Dollar threat

A strong dollar presents a risk to Colombia’s import-dependent construction industry.

Sandra Forero, president of the Construction Chamber of Colombia (“Camacol”) opened the annual meeting of the organisation in Barranquilla by warning of the risks that a strong dollar posed to the construction sector. Forero specifically mentioned that the construction sector in the country imported 40% of construction goods which significantly elevated the planned costs for infrastructure projects, putting in danger their viability.

An executive in Colombia’s infrastructure sector confirmed, “The strength of the dollar, together with the increase in the price of copper, aluminium, steel and other materials required for construction, such as cement and sand, has meant that many of the infrastructure tender processes have been abandoned.”

Forero also called on the construction stakeholders to work in collaboration with public organisations to find flexible solutions to the immediate economic challenges. Forero’s speech was delivered a week after the Institute of Urban Development (“IDU”) of Colombia was forced to halt the USD 393,000 San Cristóbal aerial cable car project after the two European bidding companies alleged that foreign exchange fluctuations had increased initial budgeted estimates.

“Most projects are contracted with a fixed price, but tenders are now demanding a variable price. This creates uncertainty for the contractor.”

CEO, construction firm, Colombia

The future of the San Cristobal project is now unclear, as the current affairs Colombian magazine Semana revealed that, prior to the failure of the tender, the Ombudsman Office of Bogotá recommended IDU to halt the process due to potential danger of substantial additional costs. The ombudsman forewarning notice is now seen as an alert for the administration to avoid assuming reckless budgetary risks. However, Diego Sánchez, director general of IDU, affirmed that the San Cristóbal project will be completed and that the institute is already planning to launch a second tender within four months, the legally required period to re-launch a tender.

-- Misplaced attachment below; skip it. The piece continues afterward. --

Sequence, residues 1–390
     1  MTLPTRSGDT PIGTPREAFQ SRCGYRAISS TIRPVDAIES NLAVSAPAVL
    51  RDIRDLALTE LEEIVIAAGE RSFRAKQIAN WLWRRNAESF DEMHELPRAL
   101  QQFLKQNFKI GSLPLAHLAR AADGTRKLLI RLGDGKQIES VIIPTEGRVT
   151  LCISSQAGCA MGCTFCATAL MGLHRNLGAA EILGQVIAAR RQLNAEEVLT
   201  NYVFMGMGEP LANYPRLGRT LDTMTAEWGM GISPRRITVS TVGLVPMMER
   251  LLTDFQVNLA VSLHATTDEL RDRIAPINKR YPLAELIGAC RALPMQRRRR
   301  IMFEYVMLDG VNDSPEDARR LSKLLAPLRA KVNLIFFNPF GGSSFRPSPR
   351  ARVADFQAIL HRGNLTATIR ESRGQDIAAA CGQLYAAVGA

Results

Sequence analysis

The infrastructure executive explained, “The next step of the San Cristóbal project is to carry out a budget readjustment process, adequately map the risks produced by the foreign exchange fluctuations and include contractual clauses that provide greater security to bidders. This will introduce delays but I think the project is unlikely to be cancelled entirely.”

More generally, infrastructure projects across Colombia are being re-evaluated, according to the CEO of a domestic construction firm, “Most projects are contracted with a fixed price, but tenders are now demanding a variable price. This creates uncertainty for the contractor because it will never really know, unless there is a price ceiling, how much the work is going to cost.”

“I think there will be changes in state contracting. The government has no choice but to accept a different procurement process.”

CEO, construction firm, Colombia

The government’s appetite for risk will be crucial for the development of current and new projects, which are mostly carried through public-private partnership. The construction firm CEO commented, “I think there will be changes in state contracting. The government has no choice but to accept a different procurement process. Fixed-price procurement won’t work because no one will bid in the current environment. There must be a contractual balancing clause so that in the event of an imbalance due to market or crisis issues a contractor can feel confident that it will not bear all the risk. Alternatively, the state must wait for the economy to regulate itself, which would generate a delay in the government’s pipeline of infrastructure works.”

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